Fight Against Terrorism

Following the attacks in New York on 11 September 2001 and Madrid on 11 March 2004, the European Union has launched a systematic action plan designed to improve cooperation between Member States, but also between Member States and third countries. The action plan was reinforced and intensified in the aftermath of the London bombings in July 2005. Since December 2005, the EU acts through the Counter-Terrorism Strategy whose four-fold objective is to prevent, protect, prosecute and respond.

Enlargement

From six members in the 1950s to 27 in 2007, the European Union (EU) represents an international power. After five rounds of enlargement, the EU has become the world's largest trading zone with a population of 485 million.

As a symbol of restored peace and stability across the entire continent, EU enlargement has brought numerous benefits. It has helped transform central and eastern Europe from communist systems to modern, well-functioning democracies. It has recently inspired radical reforms in Turkey, Croatia and the other Western Balkan countries. Finally, it has boosted Europe's economic growth and has improved Europe's social environment (in other words, increasing Europeans' general social standing or their general standard of living).

Despite its significant added value, many EU citizens are now wondering about the grounds for enlargement. Did the 2004 enlargement take place too fast? Isn't it undemocratic to enlarge the EU without listening to public opinion? Hasn't enlargement paralysed the functioning of the EU? Can the EU still absorb more members? These are some of the many questions being asked on past and future rounds of enlargement, and which the EU is endeavouring to answer on a daily basis using concrete facts.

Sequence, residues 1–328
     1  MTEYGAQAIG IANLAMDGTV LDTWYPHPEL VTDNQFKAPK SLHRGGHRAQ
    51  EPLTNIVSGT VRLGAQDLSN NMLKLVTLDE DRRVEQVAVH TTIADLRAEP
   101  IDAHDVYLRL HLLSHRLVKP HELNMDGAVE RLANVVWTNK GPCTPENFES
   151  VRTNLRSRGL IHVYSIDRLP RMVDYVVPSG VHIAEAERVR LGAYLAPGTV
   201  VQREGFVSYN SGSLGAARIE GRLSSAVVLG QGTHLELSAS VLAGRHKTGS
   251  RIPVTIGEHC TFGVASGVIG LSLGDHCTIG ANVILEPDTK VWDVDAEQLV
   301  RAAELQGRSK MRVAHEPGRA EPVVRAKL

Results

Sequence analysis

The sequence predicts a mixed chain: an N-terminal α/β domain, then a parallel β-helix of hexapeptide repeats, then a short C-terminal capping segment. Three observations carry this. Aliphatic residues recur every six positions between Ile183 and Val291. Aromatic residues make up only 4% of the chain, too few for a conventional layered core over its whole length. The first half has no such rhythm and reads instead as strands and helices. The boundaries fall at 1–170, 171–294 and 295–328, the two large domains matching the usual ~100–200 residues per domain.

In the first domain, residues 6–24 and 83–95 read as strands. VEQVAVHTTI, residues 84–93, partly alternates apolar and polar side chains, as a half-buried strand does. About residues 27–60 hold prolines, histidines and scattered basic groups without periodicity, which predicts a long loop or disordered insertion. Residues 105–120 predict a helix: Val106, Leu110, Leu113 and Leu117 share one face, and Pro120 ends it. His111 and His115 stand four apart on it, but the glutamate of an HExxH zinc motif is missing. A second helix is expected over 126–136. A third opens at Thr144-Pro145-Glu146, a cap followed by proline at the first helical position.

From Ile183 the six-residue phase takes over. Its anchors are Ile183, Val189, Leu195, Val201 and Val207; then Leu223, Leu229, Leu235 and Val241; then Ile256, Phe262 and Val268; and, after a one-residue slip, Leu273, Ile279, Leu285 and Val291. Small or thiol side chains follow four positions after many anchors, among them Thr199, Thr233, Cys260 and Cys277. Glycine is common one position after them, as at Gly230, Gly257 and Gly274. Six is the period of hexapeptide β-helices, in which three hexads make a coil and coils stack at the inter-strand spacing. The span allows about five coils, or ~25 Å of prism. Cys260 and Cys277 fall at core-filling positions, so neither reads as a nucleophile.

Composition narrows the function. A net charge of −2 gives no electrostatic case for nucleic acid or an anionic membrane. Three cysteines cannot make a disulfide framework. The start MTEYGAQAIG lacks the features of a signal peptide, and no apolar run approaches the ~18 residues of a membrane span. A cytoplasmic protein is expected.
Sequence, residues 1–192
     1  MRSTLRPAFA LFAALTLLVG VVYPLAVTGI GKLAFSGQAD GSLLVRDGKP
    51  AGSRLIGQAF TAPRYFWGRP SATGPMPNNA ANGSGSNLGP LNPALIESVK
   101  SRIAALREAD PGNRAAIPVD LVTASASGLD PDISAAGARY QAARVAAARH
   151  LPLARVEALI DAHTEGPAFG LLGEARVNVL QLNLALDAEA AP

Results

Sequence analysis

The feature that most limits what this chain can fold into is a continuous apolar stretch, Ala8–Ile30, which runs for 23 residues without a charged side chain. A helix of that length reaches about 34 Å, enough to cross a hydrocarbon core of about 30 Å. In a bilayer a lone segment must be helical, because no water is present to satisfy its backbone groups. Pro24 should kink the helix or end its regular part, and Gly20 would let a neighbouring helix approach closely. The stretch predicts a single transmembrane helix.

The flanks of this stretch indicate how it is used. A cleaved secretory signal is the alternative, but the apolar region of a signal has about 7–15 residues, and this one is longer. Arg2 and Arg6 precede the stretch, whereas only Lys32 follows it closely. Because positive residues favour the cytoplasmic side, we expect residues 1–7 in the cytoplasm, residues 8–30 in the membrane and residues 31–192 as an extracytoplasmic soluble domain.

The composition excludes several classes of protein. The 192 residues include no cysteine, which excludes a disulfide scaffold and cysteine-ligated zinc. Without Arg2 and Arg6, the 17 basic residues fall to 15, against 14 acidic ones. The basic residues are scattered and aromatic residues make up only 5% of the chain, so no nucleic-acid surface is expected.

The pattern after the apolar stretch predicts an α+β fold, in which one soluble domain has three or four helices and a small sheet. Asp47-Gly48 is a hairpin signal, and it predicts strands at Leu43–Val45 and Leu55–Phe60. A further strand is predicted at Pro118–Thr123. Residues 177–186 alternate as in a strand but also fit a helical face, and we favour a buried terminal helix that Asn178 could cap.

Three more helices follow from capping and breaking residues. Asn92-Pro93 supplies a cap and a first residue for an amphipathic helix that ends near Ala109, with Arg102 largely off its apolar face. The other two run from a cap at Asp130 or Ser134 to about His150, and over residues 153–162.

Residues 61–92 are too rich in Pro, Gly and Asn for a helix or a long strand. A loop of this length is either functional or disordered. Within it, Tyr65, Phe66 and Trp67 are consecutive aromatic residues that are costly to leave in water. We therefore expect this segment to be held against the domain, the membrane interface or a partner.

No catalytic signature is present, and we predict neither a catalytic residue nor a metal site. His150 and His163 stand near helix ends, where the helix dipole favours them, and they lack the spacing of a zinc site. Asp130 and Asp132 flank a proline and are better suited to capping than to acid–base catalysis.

Sustainable Development

Achieving sustainable development is one of the European Union's key priorities. It encompasses issues of great importance to all, such as maintaining and increasing long-term prosperity, addressing climate change, and working towards a safe, healthy and socially inclusive society. It sets out to meet the needs of present generations without jeopardising the needs of future generations. The EU's Sustainable Development Strategy which was renewed in 2006 aims for a more prosperous, cleaner and fairer Europe.

Social Change

Understanding the complex dynamics of social change within society is essential if Europe is to strengthen its response to globalisation. In light of this, the Commission is taking stock of Europe's social situation with a particular emphasis on access and opportunity. Social transformations, the factors behind them, as well as their contribution to well-being, will be examined and a debate will consider the key factors contributing to well-being – economic opportunities, working life, good health, multiculturalism, diversity, etc. This exploration of Europe’s social reality will pave the way for a new consensus on the social challenges facing Europeans.

Source: European Commission